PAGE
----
If you choose to start this document afresh, at first sight the documentation can appear daunting and time consuming. But by following the guidance below, the task can be made less burdensome.

The HERA Evidence of Role Requirements Form| consists of a number of questions grouped into the 14 HERA elements|

When answering the questions, you should provide specific examples to demonstrate evidence of the duties and responsibilities in your role. Remember, evidence is specific, tangible, verifiable examples of what you are required to do as part of your role as described in the HERA evidence overview.

Please remember the scheme applies to all staff grades. Some of the statements will only apply to the most senior members of staff in the School and then only occasionally - please don't try to find evidence for a statement if you know that the role does not involve carrying out work at this level. It is most unlikely to affect the final score. 

However please do not forget those activities which are important even if they are not everyday occurrences as they may impact on the score.

Also, many of the statements are arranged in hierarchical form from the most basic to the most complex. Please try and give as much evidence as you can on the statement which you think is the main focus of the job, without copious examples at the lower levels!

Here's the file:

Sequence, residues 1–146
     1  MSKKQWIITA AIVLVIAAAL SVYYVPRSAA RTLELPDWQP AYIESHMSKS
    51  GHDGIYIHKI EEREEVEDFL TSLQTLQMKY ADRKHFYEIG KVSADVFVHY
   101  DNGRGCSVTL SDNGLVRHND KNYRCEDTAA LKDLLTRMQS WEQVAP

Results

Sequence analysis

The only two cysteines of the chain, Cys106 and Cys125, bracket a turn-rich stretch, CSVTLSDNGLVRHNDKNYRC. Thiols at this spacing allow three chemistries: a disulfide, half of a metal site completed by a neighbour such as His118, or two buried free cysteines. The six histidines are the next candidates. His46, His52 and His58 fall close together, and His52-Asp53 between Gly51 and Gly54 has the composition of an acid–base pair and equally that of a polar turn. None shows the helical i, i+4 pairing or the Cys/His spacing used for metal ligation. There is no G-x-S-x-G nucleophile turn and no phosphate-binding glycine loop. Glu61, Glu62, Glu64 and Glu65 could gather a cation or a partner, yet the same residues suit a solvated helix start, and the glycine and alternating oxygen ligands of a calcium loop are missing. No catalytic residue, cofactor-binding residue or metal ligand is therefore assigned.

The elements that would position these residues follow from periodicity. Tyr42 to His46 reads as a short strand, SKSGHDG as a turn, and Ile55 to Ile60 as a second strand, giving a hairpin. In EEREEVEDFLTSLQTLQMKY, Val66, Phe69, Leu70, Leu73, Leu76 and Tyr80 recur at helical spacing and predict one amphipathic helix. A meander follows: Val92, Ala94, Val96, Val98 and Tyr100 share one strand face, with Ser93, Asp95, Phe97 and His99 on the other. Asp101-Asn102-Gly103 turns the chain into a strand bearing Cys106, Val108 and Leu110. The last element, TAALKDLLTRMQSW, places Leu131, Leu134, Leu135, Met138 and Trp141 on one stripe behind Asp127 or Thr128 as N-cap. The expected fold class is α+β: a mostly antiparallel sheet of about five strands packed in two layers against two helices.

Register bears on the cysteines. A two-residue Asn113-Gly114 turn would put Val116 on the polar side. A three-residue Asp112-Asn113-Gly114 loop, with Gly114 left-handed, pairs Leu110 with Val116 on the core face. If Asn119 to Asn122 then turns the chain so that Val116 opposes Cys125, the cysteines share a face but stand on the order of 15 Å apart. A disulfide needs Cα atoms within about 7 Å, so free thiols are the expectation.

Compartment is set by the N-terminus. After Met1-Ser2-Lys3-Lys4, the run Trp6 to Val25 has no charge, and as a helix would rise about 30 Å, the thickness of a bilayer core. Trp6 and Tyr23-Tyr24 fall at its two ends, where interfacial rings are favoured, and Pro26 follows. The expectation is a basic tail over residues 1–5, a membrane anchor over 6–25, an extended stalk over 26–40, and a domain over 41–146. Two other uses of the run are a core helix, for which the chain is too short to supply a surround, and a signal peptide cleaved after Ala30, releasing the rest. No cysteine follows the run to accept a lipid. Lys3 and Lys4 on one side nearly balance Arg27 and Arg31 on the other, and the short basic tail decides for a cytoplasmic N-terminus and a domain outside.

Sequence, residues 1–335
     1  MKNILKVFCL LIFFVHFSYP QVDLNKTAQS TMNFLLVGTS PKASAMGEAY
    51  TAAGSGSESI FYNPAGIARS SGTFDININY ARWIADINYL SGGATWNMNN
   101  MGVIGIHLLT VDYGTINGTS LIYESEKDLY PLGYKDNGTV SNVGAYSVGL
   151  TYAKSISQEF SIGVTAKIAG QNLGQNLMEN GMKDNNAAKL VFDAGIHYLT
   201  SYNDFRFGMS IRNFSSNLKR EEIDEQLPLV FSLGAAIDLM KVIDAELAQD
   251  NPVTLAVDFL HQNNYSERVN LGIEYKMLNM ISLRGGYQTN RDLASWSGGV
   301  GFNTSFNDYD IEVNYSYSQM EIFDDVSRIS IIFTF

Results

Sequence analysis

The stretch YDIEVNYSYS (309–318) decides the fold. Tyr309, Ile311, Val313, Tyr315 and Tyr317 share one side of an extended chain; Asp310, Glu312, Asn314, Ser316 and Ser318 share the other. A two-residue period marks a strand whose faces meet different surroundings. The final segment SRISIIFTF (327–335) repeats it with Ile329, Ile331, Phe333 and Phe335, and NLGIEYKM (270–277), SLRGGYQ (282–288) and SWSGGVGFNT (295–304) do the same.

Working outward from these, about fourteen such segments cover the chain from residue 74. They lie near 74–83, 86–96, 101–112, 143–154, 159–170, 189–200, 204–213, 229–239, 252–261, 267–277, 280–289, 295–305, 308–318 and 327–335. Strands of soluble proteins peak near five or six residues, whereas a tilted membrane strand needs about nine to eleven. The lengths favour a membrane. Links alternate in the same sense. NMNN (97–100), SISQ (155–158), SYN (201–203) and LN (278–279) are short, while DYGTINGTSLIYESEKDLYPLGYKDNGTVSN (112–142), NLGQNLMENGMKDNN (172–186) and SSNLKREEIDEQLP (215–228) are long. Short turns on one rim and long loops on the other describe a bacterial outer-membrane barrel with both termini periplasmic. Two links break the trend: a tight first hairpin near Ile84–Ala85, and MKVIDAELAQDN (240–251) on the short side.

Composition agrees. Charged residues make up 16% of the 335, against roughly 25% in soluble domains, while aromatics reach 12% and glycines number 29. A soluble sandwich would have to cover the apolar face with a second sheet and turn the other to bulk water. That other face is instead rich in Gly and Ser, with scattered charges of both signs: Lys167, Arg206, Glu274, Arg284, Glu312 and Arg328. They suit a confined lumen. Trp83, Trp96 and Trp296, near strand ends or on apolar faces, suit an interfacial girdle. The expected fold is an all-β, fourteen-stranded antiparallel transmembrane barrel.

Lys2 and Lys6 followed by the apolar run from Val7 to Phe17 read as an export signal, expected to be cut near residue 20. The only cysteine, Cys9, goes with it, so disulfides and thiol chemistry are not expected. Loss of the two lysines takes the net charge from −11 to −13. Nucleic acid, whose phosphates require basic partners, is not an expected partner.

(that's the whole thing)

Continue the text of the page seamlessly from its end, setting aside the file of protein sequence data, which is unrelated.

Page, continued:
For further guidance, please refer to the HERA Evidence by Written Record Question Document.

3. Option Three: HERA Interview

In most cases either option one or option two is the most efficient method for submitting a HERA review. However, sometimes, it may be appropriate to use the HERA interview method. Please contact Sarah Pedder or Raj Lakhani for advice.

Before the interview you should read the HERA Interview Guidance| to help you think about your role in HERA terms. You will need to make some notes on these questions and email them to the Role Analyst prior to the interview. The discussion will then be structured along these lines using your notes as a basis.

The role analyst will ask you more questions about your role to help you explain it fully. When answering the questions, you should provide specific examples to demonstrate evidence of the duties and responsibilities in your role. Remember, evidence is specific, tangible, verifiable examples of what you are required to do as part of your role as described in the Competencies, Tasks and Evidence| document.

Throughout the meeting the role analyst will make suggestions about amendments that can be made to the notes. When the meeting is over you will be asked to go away and update your notes in line with the discussion. We ask that you do this yourself, as it is important the role is represented in your own words to avoid misunderstandings. 

The interview will last about one hour and will only be with one role analyst. If you find it helpful to have your line manager with you, that is fine, we just ask that you inform the Role Analyst in advance so a large enough room can be booked!